Congruency effects on recognition memory: A context effect.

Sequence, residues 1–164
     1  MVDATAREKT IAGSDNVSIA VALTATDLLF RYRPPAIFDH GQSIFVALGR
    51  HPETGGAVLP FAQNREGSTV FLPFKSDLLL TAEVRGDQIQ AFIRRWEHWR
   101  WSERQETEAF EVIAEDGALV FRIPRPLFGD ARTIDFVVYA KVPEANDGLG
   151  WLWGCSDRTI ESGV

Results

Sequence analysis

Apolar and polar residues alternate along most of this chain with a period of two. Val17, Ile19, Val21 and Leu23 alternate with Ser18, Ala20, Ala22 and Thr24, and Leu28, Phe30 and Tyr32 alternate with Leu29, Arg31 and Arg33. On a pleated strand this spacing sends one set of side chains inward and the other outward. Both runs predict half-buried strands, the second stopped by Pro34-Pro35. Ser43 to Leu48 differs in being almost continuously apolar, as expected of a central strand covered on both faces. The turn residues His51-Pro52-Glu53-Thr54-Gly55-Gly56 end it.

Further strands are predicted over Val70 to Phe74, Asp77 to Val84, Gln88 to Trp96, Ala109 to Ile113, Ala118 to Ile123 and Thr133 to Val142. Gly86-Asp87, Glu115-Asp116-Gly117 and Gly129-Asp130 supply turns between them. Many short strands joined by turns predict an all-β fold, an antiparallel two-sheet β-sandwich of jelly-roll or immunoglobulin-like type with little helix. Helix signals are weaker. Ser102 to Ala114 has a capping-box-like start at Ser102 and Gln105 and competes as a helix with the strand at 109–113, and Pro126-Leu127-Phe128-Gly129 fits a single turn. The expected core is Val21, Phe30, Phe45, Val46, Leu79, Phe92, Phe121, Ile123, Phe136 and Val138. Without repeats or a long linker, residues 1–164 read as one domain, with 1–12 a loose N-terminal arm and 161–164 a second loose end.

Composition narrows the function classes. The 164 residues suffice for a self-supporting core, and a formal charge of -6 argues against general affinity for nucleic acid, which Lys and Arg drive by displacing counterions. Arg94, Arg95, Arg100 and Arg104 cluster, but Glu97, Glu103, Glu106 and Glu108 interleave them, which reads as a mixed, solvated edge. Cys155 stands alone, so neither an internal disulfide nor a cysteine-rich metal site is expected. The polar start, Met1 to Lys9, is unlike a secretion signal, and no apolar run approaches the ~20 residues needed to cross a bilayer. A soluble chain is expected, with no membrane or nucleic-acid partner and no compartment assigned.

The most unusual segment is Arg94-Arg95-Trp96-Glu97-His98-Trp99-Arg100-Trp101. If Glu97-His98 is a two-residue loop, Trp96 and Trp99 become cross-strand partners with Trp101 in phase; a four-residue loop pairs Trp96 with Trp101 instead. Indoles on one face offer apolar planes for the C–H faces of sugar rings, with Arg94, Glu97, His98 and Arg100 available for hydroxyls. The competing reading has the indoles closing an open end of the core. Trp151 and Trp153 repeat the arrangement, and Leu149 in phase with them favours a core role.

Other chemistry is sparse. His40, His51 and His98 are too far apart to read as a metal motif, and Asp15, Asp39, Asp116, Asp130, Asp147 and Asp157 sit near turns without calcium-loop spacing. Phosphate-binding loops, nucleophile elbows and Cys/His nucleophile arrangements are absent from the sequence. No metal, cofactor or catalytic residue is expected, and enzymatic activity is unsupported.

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Two recent studies have reported that incongruent selective attention items are better remembered than congruent items on a surprise recognition memory test. These findings suggest that an increased need for cognitive control may trigger encoding mechanisms at the time of study that result in better recognition of those items at test, a form of the desirable difficulty effect. The experiments in this study demonstrate that this effect can depend on whether differences in selective attention difficulty are blocked or intermixed at the time of encoding. These results suggest that additional encoding time itself does not invariably result in better recognition for more difficult selective attention items. Instead, the dependence of recognition memory on encoding difficulty appears to reflect a context-sensitive control response to encoding difficulty.
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